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Perplexing Gigabyte Motherboard

Discussion in 'Hardware' started by Persist101, Jan 6, 2010.

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  1. Persist101

    Persist101 Thread Starter

    Jan 6, 2010
    For anyone who likes to troubleshoot mainboards, here is a good one. I have spent days trying to resolve the problem, and have more or less succeeded. However, there are still some issues pending (see the last paragraph). Note that my brother gave me this board because it had become unstable, and during my tests, it was apparent. My plan is to put the board into my secondary desktop system.

    Ostensibly, the board dislikes Windows XP (on a NTFS partitioned drive), however loves Windows 98/Me (on a FAT32 partition) during the early testing phase. There were no problems, no instability at all when I connected a drive running Win 98 or Win Me to the board. Of course, the chipset was not even designed for the old O.S’s.

    MAINBOARD - Gigabyte GA-K8NS Rev 2.0, AMD Socket 754, nVidia Chipset (circa 2005)

    The following is a list of actions taken:

    Because the Gigabyte board had several domed top (one leaking) capacitors (3300uf/6.3v), it was assumed to be the cause of the instability problem. So with a solder tool in hand, I went to work and
    replaced all of the defective ones. The surgery was successful in a sense that the board remained fully functional. But the same problem that existed before, still existed afterwards.

    Used 4 different DDR PC3200 memory modules of different sizes in different slots - all had passed the MemTest86 test.

    Flashed the BIOS chip to the latest 21a version (10-2008).

    Tweaked the BIOS settings many times.

    Replaced the 3-volt CR2032 mainboard battery with a new one.

    Used 3 different graphics cards, including one old PCI S3 to bypass AGP.

    No other cards were installed on the board.

    The processor is an AMD 754 - 3200 - pulled and inspected, but had no replacements to use.

    No shorts on the board as it was mounted on a heavy piece of cardboard.

    Tried 3 different Power Supply Units.

    Most of the time it would boot using Safe Mode, but always failed if a Normal boot. And after 5 or 6 attempts of Normal booting which would fail at the Desktop screen just after the icons were displayed, it would blank the screen and reboot itself, and eventually it would corrupt the MBR which had to be restored - last count 4 times.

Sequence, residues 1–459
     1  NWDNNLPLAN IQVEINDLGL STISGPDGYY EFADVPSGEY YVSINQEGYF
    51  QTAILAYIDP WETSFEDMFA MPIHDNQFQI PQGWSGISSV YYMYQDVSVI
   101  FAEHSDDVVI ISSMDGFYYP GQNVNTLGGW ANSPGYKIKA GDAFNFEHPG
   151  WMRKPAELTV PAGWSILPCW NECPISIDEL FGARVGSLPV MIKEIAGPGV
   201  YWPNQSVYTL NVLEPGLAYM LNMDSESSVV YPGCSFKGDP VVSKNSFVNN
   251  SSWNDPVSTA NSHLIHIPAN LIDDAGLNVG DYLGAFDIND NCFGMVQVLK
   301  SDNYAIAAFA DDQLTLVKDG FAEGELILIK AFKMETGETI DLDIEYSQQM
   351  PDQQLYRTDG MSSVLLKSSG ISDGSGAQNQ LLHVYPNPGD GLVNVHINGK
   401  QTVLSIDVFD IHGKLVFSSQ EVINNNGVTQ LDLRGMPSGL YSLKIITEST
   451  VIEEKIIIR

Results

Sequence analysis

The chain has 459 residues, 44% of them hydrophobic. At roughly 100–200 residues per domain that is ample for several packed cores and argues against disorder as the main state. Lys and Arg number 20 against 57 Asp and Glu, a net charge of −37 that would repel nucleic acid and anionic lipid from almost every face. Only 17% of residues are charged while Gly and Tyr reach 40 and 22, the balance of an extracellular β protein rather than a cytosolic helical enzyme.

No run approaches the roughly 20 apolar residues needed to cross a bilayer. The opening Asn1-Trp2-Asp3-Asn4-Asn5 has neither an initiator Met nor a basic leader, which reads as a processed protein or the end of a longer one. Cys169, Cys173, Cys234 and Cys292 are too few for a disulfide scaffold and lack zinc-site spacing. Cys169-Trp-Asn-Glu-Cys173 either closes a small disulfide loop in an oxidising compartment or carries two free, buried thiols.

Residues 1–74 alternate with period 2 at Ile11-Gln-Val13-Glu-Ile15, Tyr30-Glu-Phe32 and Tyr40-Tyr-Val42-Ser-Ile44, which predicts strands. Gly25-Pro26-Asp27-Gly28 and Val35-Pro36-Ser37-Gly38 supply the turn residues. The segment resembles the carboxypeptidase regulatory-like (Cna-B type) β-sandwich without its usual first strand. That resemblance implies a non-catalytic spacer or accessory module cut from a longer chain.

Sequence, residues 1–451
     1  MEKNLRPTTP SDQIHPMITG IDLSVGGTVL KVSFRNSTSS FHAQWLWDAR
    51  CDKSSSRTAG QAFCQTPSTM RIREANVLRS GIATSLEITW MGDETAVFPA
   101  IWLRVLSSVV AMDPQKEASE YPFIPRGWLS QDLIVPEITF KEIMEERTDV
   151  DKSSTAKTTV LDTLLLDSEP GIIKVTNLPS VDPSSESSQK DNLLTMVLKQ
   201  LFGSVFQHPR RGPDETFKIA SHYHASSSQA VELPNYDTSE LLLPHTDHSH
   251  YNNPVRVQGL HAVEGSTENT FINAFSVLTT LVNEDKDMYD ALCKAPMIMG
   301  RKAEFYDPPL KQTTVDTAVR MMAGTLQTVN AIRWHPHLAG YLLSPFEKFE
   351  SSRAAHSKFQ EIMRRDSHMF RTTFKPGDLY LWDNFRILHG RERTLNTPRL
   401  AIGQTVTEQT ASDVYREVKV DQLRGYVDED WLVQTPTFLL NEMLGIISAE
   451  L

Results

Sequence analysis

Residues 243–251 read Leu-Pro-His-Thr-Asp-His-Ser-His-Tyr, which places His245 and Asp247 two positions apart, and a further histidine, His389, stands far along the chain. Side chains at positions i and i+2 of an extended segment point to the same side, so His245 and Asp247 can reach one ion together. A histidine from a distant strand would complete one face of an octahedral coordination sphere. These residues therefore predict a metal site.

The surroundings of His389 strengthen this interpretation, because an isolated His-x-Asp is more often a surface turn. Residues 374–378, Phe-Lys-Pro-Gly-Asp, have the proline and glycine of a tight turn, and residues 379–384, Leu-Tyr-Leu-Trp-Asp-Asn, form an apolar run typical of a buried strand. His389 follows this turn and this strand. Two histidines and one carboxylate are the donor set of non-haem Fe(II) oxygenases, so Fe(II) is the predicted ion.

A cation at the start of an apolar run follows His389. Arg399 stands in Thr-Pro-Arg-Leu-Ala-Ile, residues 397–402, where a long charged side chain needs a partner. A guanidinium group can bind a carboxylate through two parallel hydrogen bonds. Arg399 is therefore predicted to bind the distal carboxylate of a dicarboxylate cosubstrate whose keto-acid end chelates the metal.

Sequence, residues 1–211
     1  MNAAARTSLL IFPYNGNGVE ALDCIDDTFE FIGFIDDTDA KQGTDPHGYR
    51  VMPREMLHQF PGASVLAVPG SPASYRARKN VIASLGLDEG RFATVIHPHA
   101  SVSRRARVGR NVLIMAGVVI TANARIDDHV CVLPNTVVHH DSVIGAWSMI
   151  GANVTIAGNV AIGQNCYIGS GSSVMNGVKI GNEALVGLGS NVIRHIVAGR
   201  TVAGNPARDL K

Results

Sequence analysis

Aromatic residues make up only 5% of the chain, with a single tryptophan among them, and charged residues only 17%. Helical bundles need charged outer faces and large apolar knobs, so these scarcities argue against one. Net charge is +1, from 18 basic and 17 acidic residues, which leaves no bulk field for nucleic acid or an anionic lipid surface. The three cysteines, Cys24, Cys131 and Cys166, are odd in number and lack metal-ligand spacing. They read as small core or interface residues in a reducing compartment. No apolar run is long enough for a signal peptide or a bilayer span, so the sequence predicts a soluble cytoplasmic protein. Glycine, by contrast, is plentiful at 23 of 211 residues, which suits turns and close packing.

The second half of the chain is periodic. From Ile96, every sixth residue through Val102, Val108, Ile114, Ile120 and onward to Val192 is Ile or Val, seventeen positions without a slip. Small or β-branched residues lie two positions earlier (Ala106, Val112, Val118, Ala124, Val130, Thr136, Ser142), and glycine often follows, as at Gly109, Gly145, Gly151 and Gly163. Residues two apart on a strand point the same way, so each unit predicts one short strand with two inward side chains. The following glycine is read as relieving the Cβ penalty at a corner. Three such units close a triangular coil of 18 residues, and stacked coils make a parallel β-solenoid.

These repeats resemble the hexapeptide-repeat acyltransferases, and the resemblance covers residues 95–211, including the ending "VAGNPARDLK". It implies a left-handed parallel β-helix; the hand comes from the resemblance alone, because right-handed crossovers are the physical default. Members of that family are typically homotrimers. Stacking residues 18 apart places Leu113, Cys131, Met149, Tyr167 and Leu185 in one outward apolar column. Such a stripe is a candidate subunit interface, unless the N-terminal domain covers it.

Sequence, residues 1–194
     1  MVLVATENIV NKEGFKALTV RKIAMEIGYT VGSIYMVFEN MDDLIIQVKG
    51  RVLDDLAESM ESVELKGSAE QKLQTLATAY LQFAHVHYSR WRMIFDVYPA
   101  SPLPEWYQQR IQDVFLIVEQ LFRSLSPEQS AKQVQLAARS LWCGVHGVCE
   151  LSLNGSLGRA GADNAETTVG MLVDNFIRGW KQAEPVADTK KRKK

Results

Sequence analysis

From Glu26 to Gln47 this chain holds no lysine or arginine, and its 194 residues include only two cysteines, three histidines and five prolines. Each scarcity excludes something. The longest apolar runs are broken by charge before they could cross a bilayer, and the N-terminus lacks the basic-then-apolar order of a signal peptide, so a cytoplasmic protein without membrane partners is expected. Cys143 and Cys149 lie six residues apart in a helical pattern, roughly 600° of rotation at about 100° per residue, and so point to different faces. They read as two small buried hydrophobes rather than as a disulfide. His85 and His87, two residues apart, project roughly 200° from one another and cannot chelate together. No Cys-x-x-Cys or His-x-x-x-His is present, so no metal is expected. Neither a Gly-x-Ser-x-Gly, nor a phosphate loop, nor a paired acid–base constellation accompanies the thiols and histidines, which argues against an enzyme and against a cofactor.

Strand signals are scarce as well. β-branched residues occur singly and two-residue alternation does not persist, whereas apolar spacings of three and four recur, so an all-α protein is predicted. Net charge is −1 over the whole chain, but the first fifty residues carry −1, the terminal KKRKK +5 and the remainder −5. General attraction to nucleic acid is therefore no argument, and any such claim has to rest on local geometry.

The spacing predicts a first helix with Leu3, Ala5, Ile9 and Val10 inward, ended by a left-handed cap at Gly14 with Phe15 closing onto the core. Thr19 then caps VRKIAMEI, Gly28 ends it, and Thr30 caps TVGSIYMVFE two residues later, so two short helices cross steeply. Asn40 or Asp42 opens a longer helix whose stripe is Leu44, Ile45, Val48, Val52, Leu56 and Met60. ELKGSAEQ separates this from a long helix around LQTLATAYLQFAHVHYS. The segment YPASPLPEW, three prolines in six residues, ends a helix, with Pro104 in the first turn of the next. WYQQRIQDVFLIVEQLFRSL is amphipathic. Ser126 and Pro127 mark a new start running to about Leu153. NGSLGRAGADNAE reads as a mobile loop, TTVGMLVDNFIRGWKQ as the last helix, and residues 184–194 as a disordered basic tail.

Did a complete, fresh reinstall of Windows XP Pro and no problems were encountered during the installation, but no change in behavior. The ntbtlog.txt revealed little information. Left the board running overnight in Safe Mode, still fine the next day.

    Downloaded and installed the latest nVidia chipset drivers from Gigabyte for the board - didn’t expect any change and didn’t get any.

    Used three different hard drives. Chkdsk gave them a clean bill of health. Then I took one of the drives with Win XP and reconnected it to my other system, booted just fine - no problems at all.

    A guess would be a memory address, or Windows driver error, especially because the crash occurred only during Normal boot ups, and rarely with Safe Mode drivers.

    During a couple of the boots, I chose for Windows not to automatically restart after a fatal error, but there was nothing much on the blue screen **STOP: 0x0000008E. I installed the MS dumpchk.exe and had it to analyze the minidump file. Here is the last part of it:

    Unloaded modules:
    f09b9000 f09c4000 imapi.sys Timestamp: unavailable (00000000)
    f09c9000 f09d8000 redbook.sys Timestamp: unavailable (00000000)
    f09d9000 f09e3000 amdk7.sys Timestamp: unavailable (00000000)
    f5062000 f5067000 Cdaudio.SYS Timestamp: unavailable (00000000)
    f09f9000 f0a09000 cdrom.sys Timestamp: unavailable (00000000)
    f12a8000 f12ab000 Sfloppy.SYS Timestamp: unavailable (00000000)